My spouse just returned from nine days on business, plus a golf trip. After 25 years together, we both enjoyed the space. After all, to paraphrase Rilke, protecting each other’s solitude is the counterintuitive key to staying together.
Any second now, though, things will go back to “normal” — swept back into the busyness of life and not necessarily prioritizing working on the relationship. Maybe that’s because we figure “if it ain’t broke, don’t fix it,” which leaves a wide berth.
However, anyone in a close relationship — be it romantic or platonic — can up-level their connection through a simple hack taught by John and Julie Gottman, renowned relationship experts and authors of the new book, The Love Prescription: 7 Days to More Intimacy, Connection and Joy. You just have to take a turn for the better.
Calling Dr. Love
A bit about the Gottmans: happily married since 1987, they run The Gottman Institute, working with couples and therapists that are certified in their methods. The pair claim it only takes them 15 minutes of observing a couple’s interactions to predict up to 90% accuracy whether the union will be happy and last.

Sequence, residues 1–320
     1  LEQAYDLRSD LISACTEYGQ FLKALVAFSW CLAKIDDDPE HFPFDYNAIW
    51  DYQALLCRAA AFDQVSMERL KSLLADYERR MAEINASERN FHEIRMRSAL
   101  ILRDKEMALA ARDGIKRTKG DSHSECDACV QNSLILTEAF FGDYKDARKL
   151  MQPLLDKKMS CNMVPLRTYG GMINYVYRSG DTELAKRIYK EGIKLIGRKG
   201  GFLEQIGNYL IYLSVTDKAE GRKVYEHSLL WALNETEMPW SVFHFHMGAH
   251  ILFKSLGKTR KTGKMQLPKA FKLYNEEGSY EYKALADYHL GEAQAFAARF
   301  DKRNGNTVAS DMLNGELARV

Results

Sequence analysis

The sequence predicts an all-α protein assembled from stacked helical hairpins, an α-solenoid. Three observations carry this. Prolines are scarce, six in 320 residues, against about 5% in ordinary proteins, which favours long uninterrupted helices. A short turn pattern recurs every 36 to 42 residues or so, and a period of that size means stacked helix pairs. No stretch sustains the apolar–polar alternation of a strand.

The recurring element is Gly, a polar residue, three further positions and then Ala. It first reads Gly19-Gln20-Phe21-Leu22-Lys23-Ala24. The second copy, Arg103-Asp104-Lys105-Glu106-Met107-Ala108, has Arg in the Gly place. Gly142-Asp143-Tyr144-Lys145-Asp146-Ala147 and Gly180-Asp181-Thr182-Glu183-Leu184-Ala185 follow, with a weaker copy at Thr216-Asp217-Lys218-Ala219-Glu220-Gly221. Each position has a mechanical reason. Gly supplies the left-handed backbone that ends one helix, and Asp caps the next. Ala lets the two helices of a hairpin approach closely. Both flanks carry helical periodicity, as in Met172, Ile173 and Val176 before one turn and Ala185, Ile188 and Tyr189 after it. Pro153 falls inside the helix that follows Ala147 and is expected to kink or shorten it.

Through decades of research, the Gottmans are confident in making broad statements like that and others; for example, 69% of relationship issues don’t get solved. They also qualify the four communication styles that sabotage a relationship: criticism, contempt, defensiveness, and stonewalling.
These are all part of what couples therapist Terrence Real calls “normal marital hatred.” Left unchecked, they can also be contributing factors to a gray divorce. The Gottmans assert to stay together, you must counteract the lamenting with some love.
Turn Around Bright Eyes
The good news is a little injection goes a long way. The Gottmans use a tea analogy to explain:
A relationship is a cup of tea that you can flavor how you want. You can use salt, or you can opt for sugar.
Their #1 relationship hack is to “turn toward” your partner when they reach out. Sounds easy in theory, but it’s not so simple when the dog pooped in the house, you just got back from taking your kid to get his wisdom teeth out, you’re on a work deadline, and your partner makes a “bid for connection” by trying to tell you about, say, a golf trip.
Just a random example.
You have three response options: ignore (turn away), react negatively (turn against), or acknowledge positively (turn toward). As it turns out, even the slightest response, like a nod, touch, or “uh-huh,” counts as “turning toward.”
And if that’s all it takes to improve your relationship, I say do it. (If I did, so can you 😉) After all, I do is what got you here in the first place.
How Long Does It Take to Fix a Marriage? Give the Gottmans 7 Days. (New York Times)